American long-grain rice producers are facing interruptions to their global export business following contamination of commercial supplies with an unapproved GM variety.

The GM rice concerned is known as LLRICE601 and was developed by German biotech company Bayer in the 1990s, and field tested in the USA from 1998 to 2001.

Bayer notified the US department of agriculture of the contamination at the end of July, following analysis of samples taken from bulk stores in the USA.

The US authorities then set about their own tests.

US agriculture secretary Mike Johanns went public at the end of last week, but insisted that LLRICE601 was totally safe to humans and the environment, even though it had never been fully approved in the USA, or any other country.

“Based on the available data and information, the US Food and Drugs Administration has concluded that the presence of LLRICE601 in the food and feed supply poses no safety concerns,” he said.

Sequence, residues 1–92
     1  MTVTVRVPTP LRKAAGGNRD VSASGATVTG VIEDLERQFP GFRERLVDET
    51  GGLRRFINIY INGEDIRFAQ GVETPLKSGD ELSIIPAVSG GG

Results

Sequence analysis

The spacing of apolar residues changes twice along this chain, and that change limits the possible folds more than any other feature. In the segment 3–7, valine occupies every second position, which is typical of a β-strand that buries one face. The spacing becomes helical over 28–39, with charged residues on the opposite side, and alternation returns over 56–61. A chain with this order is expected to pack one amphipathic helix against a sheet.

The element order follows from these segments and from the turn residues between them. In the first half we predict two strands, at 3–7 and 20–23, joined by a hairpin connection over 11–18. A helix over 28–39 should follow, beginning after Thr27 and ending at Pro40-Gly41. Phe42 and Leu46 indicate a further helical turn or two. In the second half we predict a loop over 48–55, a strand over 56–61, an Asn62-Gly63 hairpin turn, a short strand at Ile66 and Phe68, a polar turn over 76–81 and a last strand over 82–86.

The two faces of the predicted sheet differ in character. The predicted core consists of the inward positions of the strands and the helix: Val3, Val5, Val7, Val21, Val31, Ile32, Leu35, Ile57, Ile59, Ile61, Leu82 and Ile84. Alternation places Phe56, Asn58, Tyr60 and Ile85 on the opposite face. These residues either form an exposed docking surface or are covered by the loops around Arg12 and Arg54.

It is understood that the variety, which is resistant to the glufosinate Liberty Link, contains the same GM protein as is found in two other GM crops that have been approved.

Bayer says it withdrew the application for a licence for LLRICE601 in the USA because it had no intention of commercialising the variety.

But, now that the product is “in the marketplace”, it has decided to apply for a licence.

Despite these reassurances, the Japanese authorities imposed an immediate trade ban on all US long-grain rice imports.

Environmental lobby group Friends of the Earth International is demanding a similar response from other importing countries.

“This is a complete scandal,” said anti-GM campaigner Nnimmo Bassey.

“The biotech industry has once again failed to control its products and lax regulations in the USA mean that consumers have been put at risk.”

If this call is heeded, US rice exporters face massive potential damage.

Around half the crop is exported, earning almost $1bn (£525m).

The USA currently ranks fourth in world rice exports, behind Thailand, Vietnam and China.